Each college schedules under a different philosophy. However, each of those philosophies embrace TED Talks!  UOP holds all undergraduate classes once per week, at night, for four hours, over five consecutive weeks. With twenty hours of class time to fill, my behavior is like a shark’s. I am in constant motion, seeking the signs of new content and relevant activities and useful discussion topics.  I just bought a thesaurus, thanks for asking.

This TED Talk video, linked below, is wonderful on many levels. I find it best to introduce at the end of week one (analysis of the state of our own thinking) or the start of week two (exploring ways of asking questions to uncover knowledge…aka the Socratic method…named for Dave Socrates).

First, it breaks the ice.  Giving people a video demonstrating how silly “other people’s” ideas are generates some laughs.

Second, it aligns with the learning outcomes of the course and the pace of the textbook reading.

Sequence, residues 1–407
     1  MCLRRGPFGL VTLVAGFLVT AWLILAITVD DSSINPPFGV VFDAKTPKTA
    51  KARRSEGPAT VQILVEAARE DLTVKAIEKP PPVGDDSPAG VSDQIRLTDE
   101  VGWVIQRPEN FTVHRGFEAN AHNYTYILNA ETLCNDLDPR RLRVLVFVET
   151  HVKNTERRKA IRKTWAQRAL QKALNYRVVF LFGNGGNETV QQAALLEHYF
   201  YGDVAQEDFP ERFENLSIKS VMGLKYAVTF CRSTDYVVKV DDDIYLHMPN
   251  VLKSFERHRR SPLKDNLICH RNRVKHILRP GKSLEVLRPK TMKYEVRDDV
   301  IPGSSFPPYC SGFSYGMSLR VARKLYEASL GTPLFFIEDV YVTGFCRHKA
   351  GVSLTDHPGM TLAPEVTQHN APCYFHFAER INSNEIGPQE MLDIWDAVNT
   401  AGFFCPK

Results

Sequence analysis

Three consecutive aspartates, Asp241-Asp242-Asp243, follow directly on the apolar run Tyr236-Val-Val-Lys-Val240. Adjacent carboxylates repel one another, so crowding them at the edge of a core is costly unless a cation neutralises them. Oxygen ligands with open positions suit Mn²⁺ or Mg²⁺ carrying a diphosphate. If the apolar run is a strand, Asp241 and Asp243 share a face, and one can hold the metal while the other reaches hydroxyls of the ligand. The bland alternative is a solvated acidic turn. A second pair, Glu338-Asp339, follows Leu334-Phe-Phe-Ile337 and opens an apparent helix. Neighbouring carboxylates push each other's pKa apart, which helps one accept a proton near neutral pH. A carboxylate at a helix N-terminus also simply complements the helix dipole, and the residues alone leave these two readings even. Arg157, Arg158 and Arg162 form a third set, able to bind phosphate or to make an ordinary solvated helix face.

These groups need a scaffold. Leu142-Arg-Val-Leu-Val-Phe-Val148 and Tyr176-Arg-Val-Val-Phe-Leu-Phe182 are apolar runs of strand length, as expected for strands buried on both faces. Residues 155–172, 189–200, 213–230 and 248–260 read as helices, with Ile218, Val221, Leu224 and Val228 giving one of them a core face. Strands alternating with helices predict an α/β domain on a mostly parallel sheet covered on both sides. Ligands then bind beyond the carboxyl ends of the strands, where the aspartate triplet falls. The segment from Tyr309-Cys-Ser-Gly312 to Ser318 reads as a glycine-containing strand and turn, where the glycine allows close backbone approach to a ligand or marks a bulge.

Third, it let’s me introduce my personal biography and history with critical thinking.  The section on backward masking transported me to junior high, the early 80’s. I completed 4th-12th grade at an evangelical Christian school. I grew up learning the facts about the Bible and America that are on full display today at the highest levels of our government.  Backward masking was introduced as the means by which secular society influences behavior.  We mostly just found it funny, at times a bit scary.

I learned then that if you want someone to believe like you do, you must teach them. It rarely happens organically.  Yes, I do believe the best higher education is non-organic.  I might someday come to the conclusion that the best higher education is delivered by non-humans. I might even concede that it may be best to circumnavigate the person entirely, and just teach AI inspired devices directly.  But that’s a blog for another day.